The Rex1, L2 and RTE clades show distinct patterns. The base composition of Rex1 is not significantly different to the base composition of the exome of the source species (p = 0.173 for frog and p = 0.093 for fish; t-test) and does not differ between frog and fish (p = 0.135). The base composition of the RTE clade tends to be GC-rich in fish and lizard, but there are substantial differences among families with proportions of GC ranging from 48 to 61%. Interestingly, RTE families can differ considerably in nucleotide content within the same organism. This is exemplified in medaka, whose genome hosts 3 families of RTE. RTE 2 and 3 have GC content just below 50% (48 and 47%, respectively), while RTE1 contains 60% GC (Supplementary material 1). All fish RTE elements show a G bias on the positive strand (33 to 39% G). The base composition of the L2 clade is equally disparate and shows significant deviation from the composition of host genes. L2 is GC-rich in lizard (55% GC; p < 0.0001 compared with hosts genes using t-test), AT-rich in fish (58% AT; p < 0.0001) and moderately AT-rich in frog (51% AT), C (34%) and then T (30%) being the most represented bases in this organism. It should be noted that the base composition within each vertebrate lineage shows little variation as indicated by small standard deviations on Fig. 1 and Table 1.

We extended our analysis to dinucleotides (Table 2) since genomes exhibit variations in their usage of dinucleotides [34]. We present here the frequencies of dinucleotides in four clades, L1, CR1 (in lizard and frog), Crack (in zebrafish) and L2, since these clades reflect the range of base composition in nLTR-RT. Elements that are AT-rich, such as L1, CR1, Crack and the fish L2, are also enriched in the dinucleotides ApA, ApT, TpA and TpT, while there is a paucity of GC-rich dinucleotides. In the lizard L2, the most abundant dinucleotides are expectedly GC-rich, the four most represented dinucleotides being CpC, CpT, GpG and TpG. The frog L2 is somewhat unusual: the CpT and TpC are abundant, which is consistent with the base composition of the elements, but the next two most common dinucleotides are surprisingly ApG and GpA, although A and G represent respectively only 22 and 14% of nucleotides. Although the frequency of the different dinucleotides generally reflects the base composition of the elements, the observed and expected dinucleotide frequencies differ significantly for all elements and in all organisms (p < 0.0001 for all comparisons using Chi-square test, d.f. = 15). This is explained, in part, by the systematic under-representation of three dinucleotides across species and across clades, CpG, GpT and TpA, suggesting universal selection against these dinucleotides. The most substantial deviation from expectation is found for the frog L2. Here ApC, CpC, CpT, TpC and TpT are substantially under-represented (although C and T are the most abundant nucleotides) but ApG, GpA and GpG are over-represented given the frequency of the constitutive nucleotides.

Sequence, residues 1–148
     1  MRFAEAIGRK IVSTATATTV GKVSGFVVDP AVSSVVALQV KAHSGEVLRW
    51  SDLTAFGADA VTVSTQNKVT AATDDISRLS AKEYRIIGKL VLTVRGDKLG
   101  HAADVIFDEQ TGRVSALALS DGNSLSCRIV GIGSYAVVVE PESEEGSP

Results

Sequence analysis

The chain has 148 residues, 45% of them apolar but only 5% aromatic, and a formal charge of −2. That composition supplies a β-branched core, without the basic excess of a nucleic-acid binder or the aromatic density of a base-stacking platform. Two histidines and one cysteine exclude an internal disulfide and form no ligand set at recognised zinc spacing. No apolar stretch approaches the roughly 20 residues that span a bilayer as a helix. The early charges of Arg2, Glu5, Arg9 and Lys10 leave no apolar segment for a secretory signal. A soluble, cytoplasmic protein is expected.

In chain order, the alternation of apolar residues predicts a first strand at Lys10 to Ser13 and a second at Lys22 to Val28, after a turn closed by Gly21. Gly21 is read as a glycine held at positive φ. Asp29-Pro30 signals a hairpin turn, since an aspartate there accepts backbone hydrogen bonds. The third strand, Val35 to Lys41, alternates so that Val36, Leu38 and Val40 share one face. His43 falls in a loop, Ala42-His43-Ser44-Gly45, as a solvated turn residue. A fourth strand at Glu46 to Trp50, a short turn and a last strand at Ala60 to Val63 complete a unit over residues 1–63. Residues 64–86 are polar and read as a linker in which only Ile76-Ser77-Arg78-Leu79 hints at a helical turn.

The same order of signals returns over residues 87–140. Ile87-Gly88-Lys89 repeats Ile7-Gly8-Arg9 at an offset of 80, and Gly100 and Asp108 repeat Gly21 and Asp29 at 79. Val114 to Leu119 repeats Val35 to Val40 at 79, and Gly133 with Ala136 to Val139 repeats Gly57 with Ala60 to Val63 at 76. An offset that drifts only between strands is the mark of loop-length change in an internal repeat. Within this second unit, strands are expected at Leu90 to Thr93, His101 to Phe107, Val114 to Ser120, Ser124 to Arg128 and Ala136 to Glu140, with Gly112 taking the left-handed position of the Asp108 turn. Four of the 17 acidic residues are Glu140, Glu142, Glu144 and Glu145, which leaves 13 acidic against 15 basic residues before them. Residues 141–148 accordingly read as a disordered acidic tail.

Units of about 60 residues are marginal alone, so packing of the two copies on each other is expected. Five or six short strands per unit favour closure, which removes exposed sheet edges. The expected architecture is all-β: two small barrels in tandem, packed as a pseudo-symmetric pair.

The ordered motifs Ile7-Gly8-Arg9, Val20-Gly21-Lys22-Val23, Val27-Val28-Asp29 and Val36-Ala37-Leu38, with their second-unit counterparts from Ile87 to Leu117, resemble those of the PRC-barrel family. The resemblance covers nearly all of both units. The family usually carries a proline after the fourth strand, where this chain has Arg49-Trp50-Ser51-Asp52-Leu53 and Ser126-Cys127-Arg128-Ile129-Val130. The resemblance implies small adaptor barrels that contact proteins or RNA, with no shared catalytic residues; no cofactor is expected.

Table 2 Frequency of nucleotides and ratio between the observed and expected frequencies. For each clade the four most common dinucleotides are highlighted in orange. Ratios that are lower than 0.80 are highlighted in blue

Differences in base composition reflect long-term evolutionary trends

To interpret long-term evolutionary changes in base composition and the possible impact of horizontal gene transfer (HGT), we investigated differences in base composition in a phylogenetic context. To this end, we built phylogenetic trees for the major clades of nLTR-RT (Figs. 2, 3 and 4 and Supplementary material 2) and we estimated the level of similarity among amino acid sequences, within and between clades.

Fig. 2

Phylogenetic relationships among L1 elements based on the entire ORF2. The base composition of each element is shown above the tree. The tree was built with the maximum likelihood method using the LG + G + I + F model of mutation and its robustness was assessed by 500 bootstrap replicates. The tree was rooted using Tx1 elements. Nodes that are supported by bootstrap values higher than 70% are indicated with an asterisk

Fig. 3

Phylogenetic relationships among L2 elements based on the reverse transcriptase domains of ORF2. The base composition of each element is shown above the tree. The tree was built with the maximum likelihood method using the LG + G + I + F model of mutation and its robustness was assessed by 500 bootstrap replicates. Nodes that are supported by bootstrap values higher than 70% are indicated with an asterisk. Roman numbers I to VI refer to the L2 sub-clades (see text)

Fig. 4